Italian painter, born in Rome. Early in his career he painted abstracts, but in 1928 he became, with Scipione, the founder of the Roman School, which cultivated poetic expressiveness in opposition to the stereotyped classicism of the Novecento. Though less imaginative, less visionary than those of Scipione, Mafai's pictures, especially his still-lifes and town scenes, were touched with poetic sensibility. During the Second World War he painted a series of Fantasies depicting horrors of the Fascist regime, and after the war his style moved to a delicate lyricism expressed particularly in landscapes and street scenes. Late in his career he also returned to abstract painting.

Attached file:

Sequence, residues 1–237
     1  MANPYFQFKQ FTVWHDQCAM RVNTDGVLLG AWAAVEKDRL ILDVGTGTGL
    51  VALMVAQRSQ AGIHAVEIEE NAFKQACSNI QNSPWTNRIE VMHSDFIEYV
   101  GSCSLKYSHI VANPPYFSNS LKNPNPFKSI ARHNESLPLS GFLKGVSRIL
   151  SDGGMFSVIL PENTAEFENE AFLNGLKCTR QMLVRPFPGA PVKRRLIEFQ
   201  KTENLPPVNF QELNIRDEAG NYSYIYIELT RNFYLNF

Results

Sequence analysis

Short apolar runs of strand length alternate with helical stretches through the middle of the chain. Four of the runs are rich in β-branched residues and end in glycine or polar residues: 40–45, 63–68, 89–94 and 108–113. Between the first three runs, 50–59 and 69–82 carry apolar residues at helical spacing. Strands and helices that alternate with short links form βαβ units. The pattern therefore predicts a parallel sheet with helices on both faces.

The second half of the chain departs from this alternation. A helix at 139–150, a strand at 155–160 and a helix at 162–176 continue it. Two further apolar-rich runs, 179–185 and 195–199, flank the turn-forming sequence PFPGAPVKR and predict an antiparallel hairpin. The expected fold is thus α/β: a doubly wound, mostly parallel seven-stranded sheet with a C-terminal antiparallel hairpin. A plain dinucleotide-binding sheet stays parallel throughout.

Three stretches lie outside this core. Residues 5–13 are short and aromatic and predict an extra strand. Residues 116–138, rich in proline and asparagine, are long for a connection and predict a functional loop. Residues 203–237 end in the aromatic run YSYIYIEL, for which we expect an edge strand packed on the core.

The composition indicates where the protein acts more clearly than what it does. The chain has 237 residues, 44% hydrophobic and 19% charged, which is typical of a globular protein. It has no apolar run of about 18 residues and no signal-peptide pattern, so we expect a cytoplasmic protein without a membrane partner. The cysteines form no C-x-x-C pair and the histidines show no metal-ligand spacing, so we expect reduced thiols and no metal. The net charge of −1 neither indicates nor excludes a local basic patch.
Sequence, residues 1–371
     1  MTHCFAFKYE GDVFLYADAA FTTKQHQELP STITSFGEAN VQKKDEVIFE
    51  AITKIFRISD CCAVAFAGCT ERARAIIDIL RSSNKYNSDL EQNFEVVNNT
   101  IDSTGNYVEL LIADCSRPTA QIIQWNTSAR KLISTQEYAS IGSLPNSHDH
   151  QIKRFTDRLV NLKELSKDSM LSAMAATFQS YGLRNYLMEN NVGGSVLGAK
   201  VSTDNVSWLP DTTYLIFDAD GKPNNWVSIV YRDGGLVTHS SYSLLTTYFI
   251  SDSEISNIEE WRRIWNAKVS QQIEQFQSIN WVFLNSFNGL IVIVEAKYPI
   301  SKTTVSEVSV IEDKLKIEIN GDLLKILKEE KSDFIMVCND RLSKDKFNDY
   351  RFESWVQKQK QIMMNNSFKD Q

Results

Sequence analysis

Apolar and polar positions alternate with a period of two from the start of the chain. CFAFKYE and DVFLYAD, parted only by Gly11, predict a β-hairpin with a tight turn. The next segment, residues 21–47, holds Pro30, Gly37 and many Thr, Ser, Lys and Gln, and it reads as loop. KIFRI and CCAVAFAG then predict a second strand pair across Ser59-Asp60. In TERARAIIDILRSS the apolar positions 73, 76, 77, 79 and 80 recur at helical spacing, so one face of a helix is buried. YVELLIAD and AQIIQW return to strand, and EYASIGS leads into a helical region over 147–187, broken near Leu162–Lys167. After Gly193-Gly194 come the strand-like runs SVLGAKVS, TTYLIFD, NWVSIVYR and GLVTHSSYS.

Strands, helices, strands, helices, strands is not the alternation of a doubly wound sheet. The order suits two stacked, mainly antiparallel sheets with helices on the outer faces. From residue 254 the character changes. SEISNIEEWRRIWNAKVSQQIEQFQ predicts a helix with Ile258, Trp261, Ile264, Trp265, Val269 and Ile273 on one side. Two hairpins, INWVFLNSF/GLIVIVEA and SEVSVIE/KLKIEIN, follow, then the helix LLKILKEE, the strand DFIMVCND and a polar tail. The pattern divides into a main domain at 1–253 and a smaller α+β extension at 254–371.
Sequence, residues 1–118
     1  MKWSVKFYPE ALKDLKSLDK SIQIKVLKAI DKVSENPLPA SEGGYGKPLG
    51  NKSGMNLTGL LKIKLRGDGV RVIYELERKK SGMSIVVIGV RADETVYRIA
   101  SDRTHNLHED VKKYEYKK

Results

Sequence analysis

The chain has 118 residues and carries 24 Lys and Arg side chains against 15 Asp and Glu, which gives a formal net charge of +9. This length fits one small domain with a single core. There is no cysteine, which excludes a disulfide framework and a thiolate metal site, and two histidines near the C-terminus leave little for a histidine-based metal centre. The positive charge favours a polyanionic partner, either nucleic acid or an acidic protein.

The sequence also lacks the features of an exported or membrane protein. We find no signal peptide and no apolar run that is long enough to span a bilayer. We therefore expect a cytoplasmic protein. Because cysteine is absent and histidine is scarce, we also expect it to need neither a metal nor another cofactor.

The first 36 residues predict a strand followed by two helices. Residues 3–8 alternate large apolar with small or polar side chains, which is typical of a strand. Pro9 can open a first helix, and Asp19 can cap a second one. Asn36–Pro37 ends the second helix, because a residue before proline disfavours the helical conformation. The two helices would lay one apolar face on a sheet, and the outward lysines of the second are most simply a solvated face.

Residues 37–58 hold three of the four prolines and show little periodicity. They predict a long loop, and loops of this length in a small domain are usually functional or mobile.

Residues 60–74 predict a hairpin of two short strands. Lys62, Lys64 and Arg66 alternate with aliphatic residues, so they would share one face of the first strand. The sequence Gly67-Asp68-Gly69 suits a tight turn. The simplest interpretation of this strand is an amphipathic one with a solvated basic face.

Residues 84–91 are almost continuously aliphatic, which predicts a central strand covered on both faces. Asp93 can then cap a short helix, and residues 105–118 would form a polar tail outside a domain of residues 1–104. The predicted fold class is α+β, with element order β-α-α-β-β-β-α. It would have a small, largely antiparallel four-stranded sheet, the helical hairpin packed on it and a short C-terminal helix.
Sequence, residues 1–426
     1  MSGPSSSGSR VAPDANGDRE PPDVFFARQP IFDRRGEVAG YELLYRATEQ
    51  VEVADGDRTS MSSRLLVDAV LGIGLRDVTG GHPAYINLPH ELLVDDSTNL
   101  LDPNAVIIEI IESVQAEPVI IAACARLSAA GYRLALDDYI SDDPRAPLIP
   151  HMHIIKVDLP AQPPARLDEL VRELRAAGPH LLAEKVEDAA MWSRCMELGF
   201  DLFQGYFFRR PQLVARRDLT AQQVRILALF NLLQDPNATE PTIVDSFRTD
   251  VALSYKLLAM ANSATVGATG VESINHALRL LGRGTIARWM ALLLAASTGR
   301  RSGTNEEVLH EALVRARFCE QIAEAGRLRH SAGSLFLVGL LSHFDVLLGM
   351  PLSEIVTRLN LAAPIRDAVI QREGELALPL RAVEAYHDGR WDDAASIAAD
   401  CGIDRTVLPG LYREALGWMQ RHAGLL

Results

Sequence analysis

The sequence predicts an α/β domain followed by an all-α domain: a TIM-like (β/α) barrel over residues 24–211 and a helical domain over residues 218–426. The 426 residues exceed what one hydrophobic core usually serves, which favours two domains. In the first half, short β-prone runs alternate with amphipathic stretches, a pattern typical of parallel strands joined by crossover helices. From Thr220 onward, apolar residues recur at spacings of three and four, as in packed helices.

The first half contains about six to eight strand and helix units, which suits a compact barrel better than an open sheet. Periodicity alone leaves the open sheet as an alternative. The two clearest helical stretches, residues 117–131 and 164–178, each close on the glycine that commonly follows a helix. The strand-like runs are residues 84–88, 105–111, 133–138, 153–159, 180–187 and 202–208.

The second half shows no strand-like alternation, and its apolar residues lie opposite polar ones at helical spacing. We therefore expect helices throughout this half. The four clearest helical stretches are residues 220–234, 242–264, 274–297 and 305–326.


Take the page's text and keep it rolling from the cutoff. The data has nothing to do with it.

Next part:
From A Dictionary of Modern and Contemporary Art in Oxford Reference.